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Lecture

Values and Society Lecture 1.docx

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Department
Philosophy
Course
PP110
Professor
Byron Williston
Semester
Fall

Description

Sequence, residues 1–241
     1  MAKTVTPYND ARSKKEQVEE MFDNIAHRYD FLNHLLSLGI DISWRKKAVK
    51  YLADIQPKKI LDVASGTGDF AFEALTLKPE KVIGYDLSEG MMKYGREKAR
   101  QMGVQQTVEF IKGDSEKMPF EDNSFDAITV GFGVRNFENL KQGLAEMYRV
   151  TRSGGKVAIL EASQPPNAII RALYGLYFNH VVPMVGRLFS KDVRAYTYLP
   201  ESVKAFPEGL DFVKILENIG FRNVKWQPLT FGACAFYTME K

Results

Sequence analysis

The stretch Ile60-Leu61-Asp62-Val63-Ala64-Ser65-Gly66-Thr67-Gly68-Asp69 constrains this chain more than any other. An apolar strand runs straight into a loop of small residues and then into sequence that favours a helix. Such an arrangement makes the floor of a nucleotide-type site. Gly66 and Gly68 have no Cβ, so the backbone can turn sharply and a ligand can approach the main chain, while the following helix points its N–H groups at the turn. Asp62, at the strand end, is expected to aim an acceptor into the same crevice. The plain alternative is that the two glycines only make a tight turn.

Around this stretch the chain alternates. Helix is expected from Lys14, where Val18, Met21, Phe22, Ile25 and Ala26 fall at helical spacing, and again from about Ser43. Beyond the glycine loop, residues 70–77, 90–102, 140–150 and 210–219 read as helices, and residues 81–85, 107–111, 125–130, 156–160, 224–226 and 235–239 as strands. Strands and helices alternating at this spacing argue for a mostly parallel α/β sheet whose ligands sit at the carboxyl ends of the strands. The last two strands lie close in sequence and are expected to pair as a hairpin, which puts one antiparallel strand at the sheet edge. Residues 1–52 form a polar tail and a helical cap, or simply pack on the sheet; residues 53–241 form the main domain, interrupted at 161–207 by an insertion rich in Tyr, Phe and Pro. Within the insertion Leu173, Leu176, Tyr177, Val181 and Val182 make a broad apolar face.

Values and Society – Lecture 1 Notes The Nature of Philosophical Ethics “Ethics is not about just any question, but about the way one should live” – Socrates Example: views on capital punishment, abortion, etc. Two Types of Statement: 1) Descriptive (or “is” statement). This statement makes claims about the way the world is, was, or will be (either true or false). Most things we say every day are descriptive statements. Examples: “The earth is flat”, “I will arrive at 5:30 sharp”, “Temperature is a mean kinetic energy”, etc. 2) Normative (or “ought” statements). All moral claims are normative statements. They make claisms about the way the world ought to be or have been (whenever we have a desire). Examples: “I should get dressed before noon”, “The state has no place in the bedrooms of the nation”, etc. Philosophical ethics: is the reasoned attempt to resolve important practical dilemmas. Its conclusions are action guiding. That is, it tells us which actions are permissible. Some examples of practical dilemmas are: - Should we allow euthanasia? - Under what circumstances are we perm
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